FOSS Development in Africa: The AVOIR Perspective James Njenga, University of the W. Cape
 
The Africa Virtual Online Initiatives and Resources (AVOIR) <ul><li>Collaborative human capacity development </li><ul><li>...
Unity in scarcity and diversity </li></ul><li>Creating an ecosystem to foster innovation </li><ul><li>Innovative software
Innovative processes </li></ul></ul>
 
AVOIR – Building Pillars <ul><li>Collaboration
Networking
Software development
Software projects implementation </li></ul>
Ecosystem Principles <ul><li>Growth and sustainability
Replication
Collaboration </li></ul>
Products: Chisimba <ul><li>A framework for rapid software development. </li></ul>
About Chisimba: MVC, Modular View User input System output Controller Process user input Handles communication Model Store...
Chisimba Based Products <ul><li>Discussion Forums
Content Management systems
Blogs
Online surveys
Wiki
Committe Manager </li></ul><ul><li>Postgraduate Management
Learning Management Systems
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FOSS Development in Africa: The case of AVOIR

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A copy of the presentation I made at the SITA GovTech in Durban. It Captures:
The need for polling on resources – Polling resources is very important for the development of any FOSS software, as indeed any community-based project.
Collaboration – an understanding of purpose among all the stakeholders is very important. From policy makers, funders, community leaders, software developers, to the end users.
importance of ownership
Need for qualified human capacity in the software development arena – in working together, we should continually look at ways and means of improving our human capacity and capital.

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FOSS Development in Africa: The case of AVOIR

  1. 1. FOSS Development in Africa: The AVOIR Perspective James Njenga, University of the W. Cape
  2. 3. The Africa Virtual Online Initiatives and Resources (AVOIR) <ul><li>Collaborative human capacity development </li><ul><li>FOSS development and support
  3. 4. Unity in scarcity and diversity </li></ul><li>Creating an ecosystem to foster innovation </li><ul><li>Innovative software
  4. 5. Innovative processes </li></ul></ul>
  5. 7. AVOIR – Building Pillars <ul><li>Collaboration
  6. 8. Networking
  7. 9. Software development
  8. 10. Software projects implementation </li></ul>
  9. 11. Ecosystem Principles <ul><li>Growth and sustainability
  10. 12. Replication
  11. 13. Collaboration </li></ul>
  12. 14. Products: Chisimba <ul><li>A framework for rapid software development. </li></ul>
  13. 15. About Chisimba: MVC, Modular View User input System output Controller Process user input Handles communication Model Store state informatin Module Templates Logic Data Access Module Templates Logic Data Access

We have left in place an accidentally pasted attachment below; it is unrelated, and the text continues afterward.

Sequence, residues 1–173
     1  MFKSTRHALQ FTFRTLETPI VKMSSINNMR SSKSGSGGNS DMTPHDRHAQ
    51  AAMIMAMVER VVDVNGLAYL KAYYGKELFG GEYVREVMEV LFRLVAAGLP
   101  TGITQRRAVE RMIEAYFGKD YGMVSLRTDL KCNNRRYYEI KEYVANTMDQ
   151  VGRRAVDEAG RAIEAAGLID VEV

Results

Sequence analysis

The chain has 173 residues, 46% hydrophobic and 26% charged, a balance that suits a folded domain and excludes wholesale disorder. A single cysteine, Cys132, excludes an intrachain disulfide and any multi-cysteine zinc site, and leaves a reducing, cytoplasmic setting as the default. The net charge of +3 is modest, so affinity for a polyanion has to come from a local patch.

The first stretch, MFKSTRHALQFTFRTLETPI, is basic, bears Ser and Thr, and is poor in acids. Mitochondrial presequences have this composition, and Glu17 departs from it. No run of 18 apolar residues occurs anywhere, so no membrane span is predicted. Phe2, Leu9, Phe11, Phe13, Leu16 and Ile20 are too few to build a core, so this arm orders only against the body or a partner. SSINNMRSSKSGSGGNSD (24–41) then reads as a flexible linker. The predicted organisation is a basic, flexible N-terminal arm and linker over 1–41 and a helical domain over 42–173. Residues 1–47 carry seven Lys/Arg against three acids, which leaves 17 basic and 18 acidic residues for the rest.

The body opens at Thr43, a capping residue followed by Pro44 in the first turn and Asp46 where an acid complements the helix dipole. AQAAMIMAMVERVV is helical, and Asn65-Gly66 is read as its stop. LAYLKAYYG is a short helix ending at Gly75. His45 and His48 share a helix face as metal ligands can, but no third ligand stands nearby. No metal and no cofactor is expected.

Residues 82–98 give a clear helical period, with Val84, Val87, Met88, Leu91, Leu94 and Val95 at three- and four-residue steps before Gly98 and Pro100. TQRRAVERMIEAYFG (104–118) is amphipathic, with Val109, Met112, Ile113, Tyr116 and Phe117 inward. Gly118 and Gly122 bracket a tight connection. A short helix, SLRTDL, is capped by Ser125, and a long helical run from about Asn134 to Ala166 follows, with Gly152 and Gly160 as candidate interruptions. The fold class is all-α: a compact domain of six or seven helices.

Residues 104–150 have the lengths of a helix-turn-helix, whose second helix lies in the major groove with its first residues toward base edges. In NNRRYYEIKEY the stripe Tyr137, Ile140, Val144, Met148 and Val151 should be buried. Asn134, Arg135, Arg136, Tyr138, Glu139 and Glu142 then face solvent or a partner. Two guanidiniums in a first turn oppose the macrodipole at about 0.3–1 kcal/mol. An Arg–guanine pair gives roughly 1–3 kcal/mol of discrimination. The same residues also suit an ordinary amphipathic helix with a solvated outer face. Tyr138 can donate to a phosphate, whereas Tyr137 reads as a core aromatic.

14. 16. Chisimba Based Products <ul><li>Discussion Forums
  15. 17. Content Management systems
  16. 18. Blogs
  17. 19. Online surveys
  18. 20. Wiki
  19. 21. Committe Manager </li></ul><ul><li>Postgraduate Management
  20. 22. Learning Management Systems
  21. 23. Presentations Manager </li></ul>
  22. 24. Example: eteaching.uwc.ac.za
  23. 25. Presentations: presentations.wits.ac.za
  24. 26. And many more <ul><li>www.chisimba.com
  25. 27. www.uwc.ac.za
  26. 28. thetha.uwc.ac.za
  27. 29. kims.wits.ac.za
  28. 30. ahero.uwc.ac.za
  29. 31. etd.uwc.ac.za </li></ul><ul><li>elearning.uonbi.ac.ke
  30. 32. www.kie.ac.ke
  31. 33. www.polytechnic.edu.na </li></ul>
  32. 34. Most Visible Results <ul><li>Over 100 developers have participated in AVOIR. </li><ul><li>Most of them got training either as interns (including me) or in a workshop set up.
  33. 35. Most of the AVOIR trained developers who have left, did so to 'greener' pastures. </li></ul><li>Lasting networks of developers </li></ul>
  34. 36. Challenges and Opportunities <ul><li>Ownership </li><ul><li>Failure to take ownership by all nodes </li><ul><li>Creating business models
  35. 37. Strategic partnerships
  36. 38. Continuous human capacity development </li></ul></ul><li>Qualified software developers </li><ul><li>Lack to keep the best developers </li><ul><li>Continous human capacity development
  37. 39. Buy-in from other developers, even leisure developers
  38. 40. Mentored interships </li></ul></ul></ul>
  39. 41. Challenges and Opportunities <ul><li>Getting the required user-base to support development </li><ul><li>Lack of use of software products developed. </li><ul><li>Improving user satisfaction and experience
  40. 42. Proper marketing
  41. 43. Building for the users, involving them in the porcess </li></ul></ul></ul>
  42. 44. Progress I have seen in government in the implementation of FOSS
  43. 45. What, in your opinion, can the South African government do to accelerate implementation of the Policy? Walk Talk the
  44. 46. Procurement strategies <ul><li>Embrace freedom and openness
  45. 47. Consult widely (and the right people)
  46. 48. Strategic partnerships </li></ul>What procurement strategies, in your opinion, can government implement to enable the use of FOSS in government?
  47. 49. Questions? Comments?
  48. 50. Thank You
  49. 51. <ul><li>James Kariuki Njenga
  50. 52. Department of Information Systems
  51. 53. University of the Western Cape
  52. 54. Tel: 021 959 3243
  53. 55. Fax: 021 959 3522
  54. 56. Email: jkariuki@uwc.ac.za, jkariuki@gmail.com
  55. 57. Twitter: @karitz
  56. 58. Skype: carice2 </li></ul>
  57. 59. With Thanks! <ul><li>The huts, african village http://www.flickr.com/photos/gbaku/1277645967/
  58. 60. Building pillars, barn http://www.flickr.com/photos/38983646@N06/3644217509
  59. 61. Networks, nodes http://www.flickr.com/photos/danzen/5614900757/
  60. 62. Foot prints http://www.flickr.com/photos/34121831@N00/4592567496/sizes/z/in/photostream/ </li></ul>
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